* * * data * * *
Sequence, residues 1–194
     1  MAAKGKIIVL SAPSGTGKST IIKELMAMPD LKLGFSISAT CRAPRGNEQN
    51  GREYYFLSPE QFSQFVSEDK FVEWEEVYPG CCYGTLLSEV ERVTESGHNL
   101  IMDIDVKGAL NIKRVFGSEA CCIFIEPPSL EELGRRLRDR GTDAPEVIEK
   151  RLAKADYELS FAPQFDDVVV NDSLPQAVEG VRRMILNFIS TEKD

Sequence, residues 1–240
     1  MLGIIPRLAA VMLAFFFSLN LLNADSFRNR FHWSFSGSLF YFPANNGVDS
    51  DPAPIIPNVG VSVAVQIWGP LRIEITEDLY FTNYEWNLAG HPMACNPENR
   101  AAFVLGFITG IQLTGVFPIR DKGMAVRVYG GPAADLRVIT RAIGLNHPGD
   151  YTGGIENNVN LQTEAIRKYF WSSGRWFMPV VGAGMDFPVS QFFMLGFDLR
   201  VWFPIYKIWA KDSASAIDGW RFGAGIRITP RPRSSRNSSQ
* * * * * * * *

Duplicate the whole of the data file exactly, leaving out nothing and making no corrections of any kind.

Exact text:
Sequence, residues 1–194
     1  MAAKGKIIVL SAPSGTGKST IIKELMAMPD LKLGFSISAT CRAPRGNEQN
    51  GREYYFLSPE QFSQFVSEDK FVEWEEVYPG CCYGTLLSEV ERVTESGHNL
   101  IMDIDVKGAL NIKRVFGSEA CCIFIEPPSL EELGRRLRDR GTDAPEVIEK
   151  RLAKADYELS FAPQFDDVVV NDSLPQAVEG VRRMILNFIS TEKD

Sequence, residues 1–240
     1  MLGIIPRLAA VMLAFFFSLN LLNADSFRNR FHWSFSGSLF YFPANNGVDS
    51  DPAPIIPNVG VSVAVQIWGP LRIEITEDLY FTNYEWNLAG HPMACNPENR
   101  AAFVLGFITG IQLTGVFPIR DKGMAVRVYG GPAADLRVIT RAIGLNHPGD
   151  YTGGIENNVN LQTEAIRKYF WSSGRWFMPV VGAGMDFPVS QFFMLGFDLR
   201  VWFPIYKIWA KDSASAIDGW RFGAGIRITP RPRSSRNSSQ